In Memoriam: M. Daniel (Danie) Overbeek
Michiel Daniel (Danie) Overbeek, 1920 - 2001
Michiel Daniel (Danie) Overbeek, a long-time AAVSO member, the AAVSO's most prolific observer, and a dear friend of the AAVSO, passed away on July 19, 2001. Danie--also known as "OB" to anyone who has ever pulled up a data file on a southern variable star in the AAVSO's database (and some northern variable stars as well while he was stationed for few years in New York)--began observing variable stars on August 22, 1951 with the Mira variable, W Pav, when he was 32 years old. During his lifetime he contributed 287,240 observations to the AAVSO International Database--far more than any other observer in the history of the Association. The variable star he observed the most was VW Hyi (3,837 observations), the brightest dwarf nova in the southern hemisphere. Many of the AAVSO southern hemisphere program stars owe a large portion of their light curves to Danie's persistence and dedication in observing variable stars.
In addition to variable stars, Danie was an active observer of occultations, sudden ionospheric disturbances, and monitored seismic activity around the world with the seismograph he built.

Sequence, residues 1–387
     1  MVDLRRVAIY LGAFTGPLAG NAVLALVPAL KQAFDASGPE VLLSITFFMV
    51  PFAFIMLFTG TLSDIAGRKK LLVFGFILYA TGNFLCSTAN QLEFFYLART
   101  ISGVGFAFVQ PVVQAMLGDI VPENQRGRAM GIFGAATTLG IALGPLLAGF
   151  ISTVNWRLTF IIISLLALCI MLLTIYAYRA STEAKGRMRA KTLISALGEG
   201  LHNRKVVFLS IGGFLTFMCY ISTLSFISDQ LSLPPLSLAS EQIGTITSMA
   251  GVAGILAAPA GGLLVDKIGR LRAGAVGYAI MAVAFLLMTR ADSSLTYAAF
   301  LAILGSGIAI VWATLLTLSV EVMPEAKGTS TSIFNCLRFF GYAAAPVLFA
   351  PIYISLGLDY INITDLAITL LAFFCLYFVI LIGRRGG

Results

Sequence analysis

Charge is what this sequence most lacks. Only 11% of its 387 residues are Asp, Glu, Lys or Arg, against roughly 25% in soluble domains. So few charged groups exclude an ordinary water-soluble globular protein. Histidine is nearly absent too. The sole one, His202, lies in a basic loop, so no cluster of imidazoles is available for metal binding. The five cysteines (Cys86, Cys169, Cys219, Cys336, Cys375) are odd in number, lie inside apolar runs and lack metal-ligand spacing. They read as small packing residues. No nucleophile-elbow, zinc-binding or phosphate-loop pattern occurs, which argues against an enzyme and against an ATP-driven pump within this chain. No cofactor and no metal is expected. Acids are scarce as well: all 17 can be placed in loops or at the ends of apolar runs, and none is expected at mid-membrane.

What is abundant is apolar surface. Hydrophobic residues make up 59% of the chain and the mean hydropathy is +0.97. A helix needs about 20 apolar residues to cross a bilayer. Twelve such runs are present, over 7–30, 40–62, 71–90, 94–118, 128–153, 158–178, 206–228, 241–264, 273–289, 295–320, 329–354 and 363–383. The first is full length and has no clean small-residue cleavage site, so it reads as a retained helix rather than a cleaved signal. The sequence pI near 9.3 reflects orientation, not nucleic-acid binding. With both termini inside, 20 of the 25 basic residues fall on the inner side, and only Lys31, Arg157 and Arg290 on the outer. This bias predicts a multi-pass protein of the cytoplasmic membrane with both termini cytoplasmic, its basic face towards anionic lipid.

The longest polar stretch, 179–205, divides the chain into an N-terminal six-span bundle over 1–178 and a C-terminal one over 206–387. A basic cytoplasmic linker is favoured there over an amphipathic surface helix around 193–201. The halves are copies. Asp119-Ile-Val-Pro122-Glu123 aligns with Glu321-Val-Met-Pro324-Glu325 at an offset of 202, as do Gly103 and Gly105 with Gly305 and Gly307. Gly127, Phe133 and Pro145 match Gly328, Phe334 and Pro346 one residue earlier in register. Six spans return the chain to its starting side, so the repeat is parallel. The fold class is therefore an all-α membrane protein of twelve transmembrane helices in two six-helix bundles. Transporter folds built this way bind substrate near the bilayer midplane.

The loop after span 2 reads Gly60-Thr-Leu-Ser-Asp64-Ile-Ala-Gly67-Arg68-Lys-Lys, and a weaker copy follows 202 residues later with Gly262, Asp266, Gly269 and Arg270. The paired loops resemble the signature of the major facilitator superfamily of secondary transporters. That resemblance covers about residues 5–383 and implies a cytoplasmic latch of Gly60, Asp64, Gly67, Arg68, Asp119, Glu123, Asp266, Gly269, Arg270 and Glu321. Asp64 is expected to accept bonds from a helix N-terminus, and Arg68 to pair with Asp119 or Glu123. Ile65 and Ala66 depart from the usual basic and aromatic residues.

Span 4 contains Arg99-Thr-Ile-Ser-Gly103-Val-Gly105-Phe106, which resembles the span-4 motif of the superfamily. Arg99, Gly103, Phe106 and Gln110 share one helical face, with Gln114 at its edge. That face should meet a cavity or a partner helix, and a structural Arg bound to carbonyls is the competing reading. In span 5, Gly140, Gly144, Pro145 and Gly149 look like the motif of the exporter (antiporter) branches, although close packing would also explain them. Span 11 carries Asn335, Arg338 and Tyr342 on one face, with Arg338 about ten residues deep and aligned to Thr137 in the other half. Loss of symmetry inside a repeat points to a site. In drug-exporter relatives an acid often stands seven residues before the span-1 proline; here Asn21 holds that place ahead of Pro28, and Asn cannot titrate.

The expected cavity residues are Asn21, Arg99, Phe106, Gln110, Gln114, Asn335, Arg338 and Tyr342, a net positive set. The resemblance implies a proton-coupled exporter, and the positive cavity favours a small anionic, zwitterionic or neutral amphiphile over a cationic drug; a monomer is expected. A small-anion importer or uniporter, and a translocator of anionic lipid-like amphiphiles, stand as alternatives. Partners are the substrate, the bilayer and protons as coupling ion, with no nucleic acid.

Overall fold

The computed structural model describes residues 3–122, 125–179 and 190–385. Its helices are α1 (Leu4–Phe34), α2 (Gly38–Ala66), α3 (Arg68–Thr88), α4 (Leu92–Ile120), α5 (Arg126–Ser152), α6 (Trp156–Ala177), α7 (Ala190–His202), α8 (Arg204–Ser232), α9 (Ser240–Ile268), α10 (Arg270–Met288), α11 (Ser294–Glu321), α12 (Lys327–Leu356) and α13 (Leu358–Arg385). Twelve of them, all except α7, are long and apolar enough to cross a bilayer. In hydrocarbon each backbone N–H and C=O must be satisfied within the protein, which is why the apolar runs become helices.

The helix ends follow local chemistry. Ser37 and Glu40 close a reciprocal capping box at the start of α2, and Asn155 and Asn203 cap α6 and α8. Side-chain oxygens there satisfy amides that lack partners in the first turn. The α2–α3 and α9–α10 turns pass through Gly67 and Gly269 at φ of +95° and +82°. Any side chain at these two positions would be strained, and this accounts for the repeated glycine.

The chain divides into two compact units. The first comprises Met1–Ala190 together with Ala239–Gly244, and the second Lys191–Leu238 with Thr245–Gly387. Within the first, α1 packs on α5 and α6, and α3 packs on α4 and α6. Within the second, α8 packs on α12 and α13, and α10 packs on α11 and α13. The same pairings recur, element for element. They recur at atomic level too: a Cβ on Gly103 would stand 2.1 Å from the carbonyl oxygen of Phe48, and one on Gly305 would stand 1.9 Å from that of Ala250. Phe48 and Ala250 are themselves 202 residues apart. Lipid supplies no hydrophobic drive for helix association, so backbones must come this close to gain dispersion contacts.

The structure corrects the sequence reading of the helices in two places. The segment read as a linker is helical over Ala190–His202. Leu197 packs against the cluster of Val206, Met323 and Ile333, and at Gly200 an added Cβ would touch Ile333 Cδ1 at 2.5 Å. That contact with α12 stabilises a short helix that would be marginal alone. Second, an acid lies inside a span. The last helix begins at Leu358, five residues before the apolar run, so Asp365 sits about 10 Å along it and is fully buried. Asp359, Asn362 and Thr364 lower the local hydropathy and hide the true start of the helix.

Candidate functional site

|Jan Smit, Janet Mattei, and Danie Overbeek at Jan's Garden in Pretoria, South Africa.|
The AAVSO's 26th Merit Award was presented to Danie in 1986 "...in recognition of his dedicated devotion to observing variable stars in the southern sky...resulting in over 70,000 observations of variable stars, his excellent guidance of many variable star observers in South Africa, and his valuable service on the AAVSO Council." Danie was the recipient of three AAVSO Observer Awards: the first in 1994 for making over 100,000, another in 1997 for making over 200,000, and the third in 1999 for making over 250,000 visual observations of variable stars. He was the first recipient of the AAVSO Director's Award in 1994 for his vital contributions to variable star research. Minor Planet 5038 was named Overbeek last year to honor Danie for his contributions to astronomy.